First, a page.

My Dad and Dementia

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This month my Dad turns 80, we’re really looking forward to driving to the Southwest to visit them for his birthday weekend. The other side of this is having to have a chat with Big M. Having to explain that Grandpa might act strangely sometimes and get a little confused.

We all suffer with memory loss as we get older but for some, it’s a little more serious than that.  For my Dad it’s slowly been creeping up on him over the past five years or so. We’re still waiting for an official diagnosis but all signs point towards Dementia. 

And now things seem to be deteriorating more rapidly.

Early Signs

At first he would be aware that his memory wasn’t the best, as we all get older I think we can relate to this. When he met with friends or acquaintances he would often start the conversation “You’ll have to excuse me if I don’t remember you too well, my memory is crap nowadays”. It was all a bit lighthearted to begin with but then it started to affect his moods.

He would get really angry with himself if he forgot the simplest thing, like a pint of milk he’d asked to pick up as he was passing the corner shop. I think he was scared that he would end up like his own mother who suffered with Dementia and passed away not recognising any of her children who would often visit her.

To begin with my Mum also found it frustrating, they would visit places they’d been to before and he would say how he’d never been there.  Mum would tell him, exasperatedly, that they had. My parents like going on cruises. After their 4th or 5th cruise holiday, Dad told me what a fantastic holiday it was, he’d never been on a cruise before. He would meet acquaintances who would greet him warmly and he’d have no idea of who they were.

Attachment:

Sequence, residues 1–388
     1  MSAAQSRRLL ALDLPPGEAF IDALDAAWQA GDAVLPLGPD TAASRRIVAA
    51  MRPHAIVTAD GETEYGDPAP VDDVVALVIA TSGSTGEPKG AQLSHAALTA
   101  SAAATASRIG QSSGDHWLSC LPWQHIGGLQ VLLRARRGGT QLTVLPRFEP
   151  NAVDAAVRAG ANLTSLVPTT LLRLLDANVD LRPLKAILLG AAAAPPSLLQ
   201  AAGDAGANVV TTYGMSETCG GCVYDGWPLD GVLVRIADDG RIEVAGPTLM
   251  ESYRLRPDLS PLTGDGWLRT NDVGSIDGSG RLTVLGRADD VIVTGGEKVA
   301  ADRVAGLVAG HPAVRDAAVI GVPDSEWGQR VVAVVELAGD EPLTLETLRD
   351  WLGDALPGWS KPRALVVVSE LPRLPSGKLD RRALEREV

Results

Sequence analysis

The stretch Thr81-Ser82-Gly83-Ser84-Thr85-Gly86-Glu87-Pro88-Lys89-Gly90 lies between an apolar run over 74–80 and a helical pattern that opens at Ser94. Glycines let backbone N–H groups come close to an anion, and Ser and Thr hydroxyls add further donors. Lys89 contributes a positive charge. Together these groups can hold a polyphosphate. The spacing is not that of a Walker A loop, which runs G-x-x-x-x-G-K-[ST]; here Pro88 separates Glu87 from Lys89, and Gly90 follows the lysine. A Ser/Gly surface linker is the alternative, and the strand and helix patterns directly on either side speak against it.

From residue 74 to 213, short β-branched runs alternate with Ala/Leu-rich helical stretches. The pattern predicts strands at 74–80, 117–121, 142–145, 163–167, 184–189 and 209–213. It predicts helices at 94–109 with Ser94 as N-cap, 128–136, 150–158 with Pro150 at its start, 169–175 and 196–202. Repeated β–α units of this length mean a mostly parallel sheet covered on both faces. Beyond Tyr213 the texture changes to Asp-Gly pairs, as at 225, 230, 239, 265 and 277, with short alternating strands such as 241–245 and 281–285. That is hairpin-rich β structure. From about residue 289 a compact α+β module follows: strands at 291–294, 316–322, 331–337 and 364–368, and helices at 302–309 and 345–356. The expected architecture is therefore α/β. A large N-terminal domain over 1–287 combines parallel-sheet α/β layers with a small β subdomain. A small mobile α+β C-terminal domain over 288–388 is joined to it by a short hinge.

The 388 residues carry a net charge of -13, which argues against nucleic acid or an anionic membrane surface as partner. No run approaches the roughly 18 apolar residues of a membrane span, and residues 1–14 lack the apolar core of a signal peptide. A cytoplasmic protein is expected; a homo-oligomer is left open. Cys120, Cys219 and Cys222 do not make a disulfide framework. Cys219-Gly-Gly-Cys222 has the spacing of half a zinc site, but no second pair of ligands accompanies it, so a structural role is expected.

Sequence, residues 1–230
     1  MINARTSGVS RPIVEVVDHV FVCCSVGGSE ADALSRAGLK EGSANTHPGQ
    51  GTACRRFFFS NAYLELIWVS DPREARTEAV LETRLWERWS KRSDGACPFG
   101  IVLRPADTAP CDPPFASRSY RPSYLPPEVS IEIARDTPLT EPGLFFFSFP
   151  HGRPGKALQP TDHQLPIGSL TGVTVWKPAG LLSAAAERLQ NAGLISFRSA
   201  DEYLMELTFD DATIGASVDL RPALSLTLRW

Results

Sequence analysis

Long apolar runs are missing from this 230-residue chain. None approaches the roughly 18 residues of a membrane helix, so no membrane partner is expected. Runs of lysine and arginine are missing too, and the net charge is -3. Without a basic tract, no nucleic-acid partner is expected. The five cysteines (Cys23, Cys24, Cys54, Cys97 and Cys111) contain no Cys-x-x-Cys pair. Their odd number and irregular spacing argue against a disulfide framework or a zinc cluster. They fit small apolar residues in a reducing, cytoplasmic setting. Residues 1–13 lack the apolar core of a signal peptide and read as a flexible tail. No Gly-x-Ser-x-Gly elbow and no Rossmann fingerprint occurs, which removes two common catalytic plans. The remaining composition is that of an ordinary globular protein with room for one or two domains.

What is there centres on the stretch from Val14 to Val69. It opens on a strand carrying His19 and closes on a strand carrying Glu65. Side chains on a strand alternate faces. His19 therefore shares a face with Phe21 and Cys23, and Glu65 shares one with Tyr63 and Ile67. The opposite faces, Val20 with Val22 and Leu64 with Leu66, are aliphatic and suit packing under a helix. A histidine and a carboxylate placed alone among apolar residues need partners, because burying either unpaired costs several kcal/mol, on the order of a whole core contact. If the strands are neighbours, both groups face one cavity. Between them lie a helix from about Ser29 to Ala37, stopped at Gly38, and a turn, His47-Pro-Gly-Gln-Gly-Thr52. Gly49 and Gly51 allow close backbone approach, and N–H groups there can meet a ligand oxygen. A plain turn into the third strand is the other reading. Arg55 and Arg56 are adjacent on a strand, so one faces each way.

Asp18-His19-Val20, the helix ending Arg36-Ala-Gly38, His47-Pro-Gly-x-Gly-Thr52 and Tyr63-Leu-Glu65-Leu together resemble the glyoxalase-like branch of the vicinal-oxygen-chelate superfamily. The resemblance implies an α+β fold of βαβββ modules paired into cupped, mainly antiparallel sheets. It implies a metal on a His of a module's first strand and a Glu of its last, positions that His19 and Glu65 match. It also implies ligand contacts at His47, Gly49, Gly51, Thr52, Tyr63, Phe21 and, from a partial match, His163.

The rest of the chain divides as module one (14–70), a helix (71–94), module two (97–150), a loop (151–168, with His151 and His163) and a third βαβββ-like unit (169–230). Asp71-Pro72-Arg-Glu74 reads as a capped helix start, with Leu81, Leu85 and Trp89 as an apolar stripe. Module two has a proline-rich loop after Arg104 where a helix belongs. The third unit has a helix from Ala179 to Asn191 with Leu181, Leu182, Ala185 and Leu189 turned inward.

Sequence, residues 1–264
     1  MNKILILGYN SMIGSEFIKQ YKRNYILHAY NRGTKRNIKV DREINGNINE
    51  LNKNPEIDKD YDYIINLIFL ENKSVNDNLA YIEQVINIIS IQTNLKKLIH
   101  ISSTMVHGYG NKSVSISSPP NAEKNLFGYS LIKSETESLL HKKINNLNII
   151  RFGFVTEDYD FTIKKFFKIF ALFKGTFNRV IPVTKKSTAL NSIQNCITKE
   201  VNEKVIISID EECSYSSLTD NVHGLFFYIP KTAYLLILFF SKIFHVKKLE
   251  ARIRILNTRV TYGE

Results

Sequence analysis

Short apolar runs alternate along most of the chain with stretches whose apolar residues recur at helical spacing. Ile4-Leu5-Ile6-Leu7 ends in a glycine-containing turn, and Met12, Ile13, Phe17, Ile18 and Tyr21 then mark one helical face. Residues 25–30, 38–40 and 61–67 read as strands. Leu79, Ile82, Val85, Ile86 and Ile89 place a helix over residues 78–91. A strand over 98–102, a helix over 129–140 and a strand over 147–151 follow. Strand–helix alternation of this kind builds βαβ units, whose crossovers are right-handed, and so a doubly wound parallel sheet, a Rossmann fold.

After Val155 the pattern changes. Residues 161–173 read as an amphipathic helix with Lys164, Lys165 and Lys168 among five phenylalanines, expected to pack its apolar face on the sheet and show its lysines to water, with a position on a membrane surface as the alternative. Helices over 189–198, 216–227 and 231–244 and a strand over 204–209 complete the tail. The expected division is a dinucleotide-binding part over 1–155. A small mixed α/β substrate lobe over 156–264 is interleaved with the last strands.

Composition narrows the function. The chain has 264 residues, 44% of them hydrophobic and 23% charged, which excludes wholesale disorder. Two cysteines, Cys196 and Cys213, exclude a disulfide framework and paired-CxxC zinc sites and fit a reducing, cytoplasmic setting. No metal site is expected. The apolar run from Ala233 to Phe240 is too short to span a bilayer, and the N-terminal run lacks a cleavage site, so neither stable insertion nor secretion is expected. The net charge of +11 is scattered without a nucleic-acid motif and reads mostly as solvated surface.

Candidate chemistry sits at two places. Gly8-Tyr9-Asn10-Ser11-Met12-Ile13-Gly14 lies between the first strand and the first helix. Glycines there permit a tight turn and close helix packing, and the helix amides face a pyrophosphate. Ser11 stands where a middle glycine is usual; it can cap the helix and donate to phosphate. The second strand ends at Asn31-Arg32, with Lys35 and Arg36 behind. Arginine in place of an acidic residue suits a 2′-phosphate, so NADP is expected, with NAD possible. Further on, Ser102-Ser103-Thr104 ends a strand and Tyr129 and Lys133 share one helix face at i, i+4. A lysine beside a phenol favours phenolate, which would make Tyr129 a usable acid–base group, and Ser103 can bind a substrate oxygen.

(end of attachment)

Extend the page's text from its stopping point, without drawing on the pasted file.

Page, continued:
Acceptance

Gradually they started to accept that this was becoming the new normal and Mum would devise ways to help him deal with it. They began to keep photo diaries of their holidays so she could show Dad the places they’d been and remind him of what happened.

Dad has also slowly accepted his failing memory and tries to not get angry about forgetting things. However this has also been helped by the antidepressants that are now part of his daily pill intake. My sister, who is a doctor and lives close to them, has been a great help and support (to my mum in particular). Providing sound advice and making sure when they go to their memory consultations that they know what’s happening.

However he has his good days and bad days. He still gets very confused, for example he recently tried to use a shop’s loyalty card instead of his debit card in a shop. He was convinced it was his debit card and got very agitated when Mum tried to explain that it wasn’t.

How do I feel?

I’ve found it hard. As you can see from the picture at the beginning of this post, me and my Dad are (were) keen cyclists. He got me interested in bikes and cycle racing when I was still a teenager. We enjoyed a number of cycling holidays together to Mallorca. Of course, he doesn’t really remember them. I’m beginning to feel I’ve lost the Dad I used to ride with around those stunning mountain roads.

We live near London, a three and half hour (minimum) drive from them. It is so difficult as you get older and you realise that your parents are beginning to increasingly need your support. This is made doubly difficult when you have a young family who equally require 100% of your attention. What makes it worse is knowing that his condition is only going to deteriorate.

What next?

Well we need an official diagnosis that he is suffering with Dementia. Only then will they be able to access much needed help and support.

We’ll be making sure we go and visit as often as we can. I want my girls to spend as much time as they can with their Grandpa which will hopefully help him as well.

Useful Links

DementiaUK

Alzheimer’s Research UK

Alzheimer’s Society

NHS

Mental Health Foundation